Safety FIRST During a Disaster
If your home or business is affected by fire, flood, storm or biological contamination, your first instinct may be to minimize the damage. This is understandable, since so much of your life is tied up in the places you live and work. However, this natural reaction could prove costly or even deadly. Remember your safety FIRST during a Disaster.
As difficult as it may be in the heat of the moment, we must remember safety first. Some common hazards in a water or fire damage situation are slip and fall, compromised or unstable structure,
electrical hazards, gas leaks and biological contamination. If your home or business should ever suffer a disaster, use the following suggestions to avoid injury, illness or worse.
Slipping and falling is the most common cause of injuries. When water enters a building from a storm, plumbing failure or fighting a fire, it presents a hazard to people walking in and around the affected areas. Walking from wet carpet onto hard surface flooring is a common example. Just a small amount of residual water on your shoes can make a hard surface floor slippery and dangerous. A small puddle on a tile or vinyl floor can be as slick as a sheet of ice.
It is best to stay out of the affected areas if possible. If that is not an option, soak up any small puddles that you can. Walk slowly and carefully from carpet to hard floors. Post warning signs. Use absorbent mats where possible. Electricity and water are a dangerous combination. Water increases electrical conductivity. If water enters an electrical panel, switch or outlet, electrical current can “leak” out to the surface and present a serious shock hazard. Pools of standing water are especially dangerous.
Appliances sitting in pooled water can leak electrical current into the water. Standing in that water and touching any conductive material could result in a serious shock. Stay away from deep standing water and let the professionals deal with turning off the power. Drywall loses its strength when it becomes wet. If it is on a wall, this is not a big problem. But saturated drywall ceilings present a major safety hazard. The ceiling may look fine and then suddenly fall without warning. If the ceiling is sagging, assume that a collapse is imminent and stay out of the area. Again, leave it up to the professionals to drain and remove the ceiling safely. Water from unsanitary sources can carry biological contamination, creating a serious health risk. This is obvious with a sewage backflow, but it can also be a factor in other water sources.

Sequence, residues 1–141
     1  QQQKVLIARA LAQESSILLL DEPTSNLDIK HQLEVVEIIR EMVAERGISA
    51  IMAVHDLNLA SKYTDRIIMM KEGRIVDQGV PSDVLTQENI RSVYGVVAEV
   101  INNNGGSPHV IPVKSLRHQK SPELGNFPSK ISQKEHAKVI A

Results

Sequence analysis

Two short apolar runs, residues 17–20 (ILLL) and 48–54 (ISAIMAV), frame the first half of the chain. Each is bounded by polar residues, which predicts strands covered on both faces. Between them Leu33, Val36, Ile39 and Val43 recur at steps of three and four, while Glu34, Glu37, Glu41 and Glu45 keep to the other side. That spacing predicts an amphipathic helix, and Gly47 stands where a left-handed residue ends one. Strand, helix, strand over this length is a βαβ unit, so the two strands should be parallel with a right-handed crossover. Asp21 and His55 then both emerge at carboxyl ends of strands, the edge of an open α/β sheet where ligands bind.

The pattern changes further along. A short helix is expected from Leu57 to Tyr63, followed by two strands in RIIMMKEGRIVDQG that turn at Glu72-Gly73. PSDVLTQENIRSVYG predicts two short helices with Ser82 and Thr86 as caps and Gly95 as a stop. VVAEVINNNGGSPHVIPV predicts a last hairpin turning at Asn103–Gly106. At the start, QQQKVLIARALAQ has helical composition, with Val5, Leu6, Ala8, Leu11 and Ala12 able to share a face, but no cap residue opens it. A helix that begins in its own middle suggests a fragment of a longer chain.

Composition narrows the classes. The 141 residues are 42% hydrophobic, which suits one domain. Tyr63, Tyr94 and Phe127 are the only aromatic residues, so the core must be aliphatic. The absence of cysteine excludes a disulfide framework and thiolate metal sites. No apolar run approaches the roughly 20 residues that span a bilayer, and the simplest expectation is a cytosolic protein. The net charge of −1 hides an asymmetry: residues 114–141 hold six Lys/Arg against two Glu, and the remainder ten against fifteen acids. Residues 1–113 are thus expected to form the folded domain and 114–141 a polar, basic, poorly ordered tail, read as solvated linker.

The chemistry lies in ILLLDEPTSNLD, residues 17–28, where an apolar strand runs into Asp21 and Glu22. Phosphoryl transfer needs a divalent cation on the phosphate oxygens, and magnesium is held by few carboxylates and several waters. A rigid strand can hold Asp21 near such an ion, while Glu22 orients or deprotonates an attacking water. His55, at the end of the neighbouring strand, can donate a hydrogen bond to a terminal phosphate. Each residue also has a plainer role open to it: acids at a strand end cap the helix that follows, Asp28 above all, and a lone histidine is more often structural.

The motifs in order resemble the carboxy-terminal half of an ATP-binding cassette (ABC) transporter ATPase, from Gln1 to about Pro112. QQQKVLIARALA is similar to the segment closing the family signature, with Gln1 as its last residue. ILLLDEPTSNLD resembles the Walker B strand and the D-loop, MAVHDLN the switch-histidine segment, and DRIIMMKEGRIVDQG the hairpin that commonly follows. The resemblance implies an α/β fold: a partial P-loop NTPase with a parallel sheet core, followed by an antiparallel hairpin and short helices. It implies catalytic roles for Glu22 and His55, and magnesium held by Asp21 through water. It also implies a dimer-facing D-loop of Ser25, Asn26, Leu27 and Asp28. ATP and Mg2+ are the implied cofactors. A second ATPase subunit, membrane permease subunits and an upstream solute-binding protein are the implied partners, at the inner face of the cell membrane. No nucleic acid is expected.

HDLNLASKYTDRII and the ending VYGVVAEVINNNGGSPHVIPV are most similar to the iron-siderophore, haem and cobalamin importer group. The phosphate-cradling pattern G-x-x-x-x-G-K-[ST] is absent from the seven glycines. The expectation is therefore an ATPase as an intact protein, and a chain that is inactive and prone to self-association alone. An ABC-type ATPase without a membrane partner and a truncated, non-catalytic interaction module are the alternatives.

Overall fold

Water that runs over the ground, has been standing for over 48 hours or from other sources like aquariums and water beds contain a significant degree of contamination and have the potential to cause sickness or discomfort through physical contact or accidental ingestion. Simply touching your eyes, nose or mouth could invite bacteria and some viruses to cause illness. Avoid contact with all unsanitary water. If you do contact contaminated water, wash all skin exposed to the water. If it is splashed into your eyes, repeatedly flush with water for 15 minutes and seek medical attention. Other hazards such as gas leaks, carbon monoxide, chemicals, hazardous materials such as asbestos and lead, weakened structural materials and possible exposure to mold or other pollutants could harm occupants and worker as well.
Your home or business is important, but not as important as your health and safety. That’s why Clean Pro invests not only in technical training, but safety training as well. When you call us, you can be assured that we will handle your disaster restoration in a safe and healthy manner.